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Photograph courtesy of Scenic America: Cheryl Shepherd

A classic Italian Villa-style dwelling, Brentmoor was built in 1859-61 for Judge Edward M. Spilman. In his book The Architecture of Country Houses (1850), Andrew Jackson Downing illustrated a design resembling Brentmoor described as "a simple, rational, convenient, and economic dwelling for the southern part of the Union." The Spilman family sold the property in the 1870s to James Keith, president of the Virginia Court of Appeals. In 1875 John Singleton Mosby, the Confederate ranger, purchased the house. Mosby, with his Partisans outwitted the Union army during the Civil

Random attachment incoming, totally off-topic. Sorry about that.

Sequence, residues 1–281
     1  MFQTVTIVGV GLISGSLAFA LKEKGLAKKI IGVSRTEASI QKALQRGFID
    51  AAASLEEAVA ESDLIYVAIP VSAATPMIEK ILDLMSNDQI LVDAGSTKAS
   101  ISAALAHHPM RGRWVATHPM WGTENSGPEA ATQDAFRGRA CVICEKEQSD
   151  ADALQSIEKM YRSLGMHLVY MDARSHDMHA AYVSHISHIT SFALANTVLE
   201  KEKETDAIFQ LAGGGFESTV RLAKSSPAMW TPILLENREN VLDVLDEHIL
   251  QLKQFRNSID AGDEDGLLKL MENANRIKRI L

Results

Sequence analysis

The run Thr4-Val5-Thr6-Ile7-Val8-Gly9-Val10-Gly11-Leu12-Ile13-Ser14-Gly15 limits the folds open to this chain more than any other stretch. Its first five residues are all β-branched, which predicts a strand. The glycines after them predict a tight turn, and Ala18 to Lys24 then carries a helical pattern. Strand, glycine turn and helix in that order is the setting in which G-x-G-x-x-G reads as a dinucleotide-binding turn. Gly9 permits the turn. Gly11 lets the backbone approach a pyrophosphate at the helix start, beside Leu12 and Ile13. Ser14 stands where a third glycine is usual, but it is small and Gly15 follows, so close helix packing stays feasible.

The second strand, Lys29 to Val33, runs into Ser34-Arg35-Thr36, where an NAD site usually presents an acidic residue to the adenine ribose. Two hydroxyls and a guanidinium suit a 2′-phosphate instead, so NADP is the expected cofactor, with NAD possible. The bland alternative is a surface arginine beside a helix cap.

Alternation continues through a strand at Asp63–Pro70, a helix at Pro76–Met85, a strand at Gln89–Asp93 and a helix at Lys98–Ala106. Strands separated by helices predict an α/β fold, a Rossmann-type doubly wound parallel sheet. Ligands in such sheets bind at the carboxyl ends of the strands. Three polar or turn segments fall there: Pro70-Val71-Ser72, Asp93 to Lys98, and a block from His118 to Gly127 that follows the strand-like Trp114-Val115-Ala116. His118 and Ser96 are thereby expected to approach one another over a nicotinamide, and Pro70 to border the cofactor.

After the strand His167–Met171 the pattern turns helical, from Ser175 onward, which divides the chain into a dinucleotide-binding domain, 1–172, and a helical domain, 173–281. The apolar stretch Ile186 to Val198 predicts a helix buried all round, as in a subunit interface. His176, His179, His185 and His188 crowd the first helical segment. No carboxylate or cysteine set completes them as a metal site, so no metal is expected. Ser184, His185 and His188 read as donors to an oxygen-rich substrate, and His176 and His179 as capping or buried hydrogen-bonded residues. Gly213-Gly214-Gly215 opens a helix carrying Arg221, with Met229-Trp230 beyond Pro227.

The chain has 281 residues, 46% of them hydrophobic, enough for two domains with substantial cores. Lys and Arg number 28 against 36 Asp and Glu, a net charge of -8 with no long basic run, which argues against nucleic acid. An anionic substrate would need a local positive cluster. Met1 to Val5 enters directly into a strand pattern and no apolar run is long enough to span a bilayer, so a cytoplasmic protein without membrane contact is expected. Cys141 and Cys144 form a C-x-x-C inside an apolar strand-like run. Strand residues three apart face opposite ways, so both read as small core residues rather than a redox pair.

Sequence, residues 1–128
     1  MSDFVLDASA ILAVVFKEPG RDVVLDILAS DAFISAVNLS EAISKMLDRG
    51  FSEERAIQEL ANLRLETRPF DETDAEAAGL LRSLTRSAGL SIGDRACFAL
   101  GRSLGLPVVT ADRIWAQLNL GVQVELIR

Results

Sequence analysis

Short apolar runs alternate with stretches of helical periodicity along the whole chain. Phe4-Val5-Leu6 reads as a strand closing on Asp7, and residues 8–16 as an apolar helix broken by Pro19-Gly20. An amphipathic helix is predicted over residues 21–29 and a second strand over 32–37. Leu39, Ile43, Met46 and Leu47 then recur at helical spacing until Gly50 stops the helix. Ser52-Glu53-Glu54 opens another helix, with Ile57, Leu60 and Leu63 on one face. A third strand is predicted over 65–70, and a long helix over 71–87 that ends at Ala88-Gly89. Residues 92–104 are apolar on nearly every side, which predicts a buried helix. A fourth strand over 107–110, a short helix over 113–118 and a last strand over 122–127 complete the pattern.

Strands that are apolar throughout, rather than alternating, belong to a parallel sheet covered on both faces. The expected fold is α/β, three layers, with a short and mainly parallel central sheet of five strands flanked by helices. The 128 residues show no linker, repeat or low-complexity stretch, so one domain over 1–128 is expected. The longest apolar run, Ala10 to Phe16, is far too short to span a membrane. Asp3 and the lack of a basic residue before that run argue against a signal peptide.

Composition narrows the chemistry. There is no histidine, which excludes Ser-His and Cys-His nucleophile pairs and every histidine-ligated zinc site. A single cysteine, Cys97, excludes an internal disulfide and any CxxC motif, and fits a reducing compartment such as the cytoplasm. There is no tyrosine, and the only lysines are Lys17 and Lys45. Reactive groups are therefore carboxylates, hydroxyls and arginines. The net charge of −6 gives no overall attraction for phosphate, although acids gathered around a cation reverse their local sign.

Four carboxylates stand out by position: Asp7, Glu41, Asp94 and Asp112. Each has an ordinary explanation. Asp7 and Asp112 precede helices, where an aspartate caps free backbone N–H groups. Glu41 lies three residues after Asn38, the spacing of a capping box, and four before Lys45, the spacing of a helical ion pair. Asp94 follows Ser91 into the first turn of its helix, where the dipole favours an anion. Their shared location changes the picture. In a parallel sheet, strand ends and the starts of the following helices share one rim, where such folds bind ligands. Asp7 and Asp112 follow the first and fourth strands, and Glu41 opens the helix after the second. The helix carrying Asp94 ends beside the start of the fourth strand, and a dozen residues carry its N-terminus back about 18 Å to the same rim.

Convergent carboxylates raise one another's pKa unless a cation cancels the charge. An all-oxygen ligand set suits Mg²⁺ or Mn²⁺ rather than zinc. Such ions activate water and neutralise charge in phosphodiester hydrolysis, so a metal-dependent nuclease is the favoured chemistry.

Brentmoor c.1976
Photograph from National Register Collection, courtesy of Virginia Historic Landmarks Commission
War to the extent that much of northern Virginia was known as "Mosby's Confederacy." Mosby sold the house in 1877 to former Confederate general Eppa Hunton, who was then serving in Congress. Brentmoor was the childhood home of Eppa Hunton III, a founder of the prominent Richmond law firm Hunton and Williams.

Brentmoor is located at 173 Main St., in Warrenton. Although Brentmoor is currently not open to the public, the town of Warrenton has purchased it, and intends to open it as a museum in the future.



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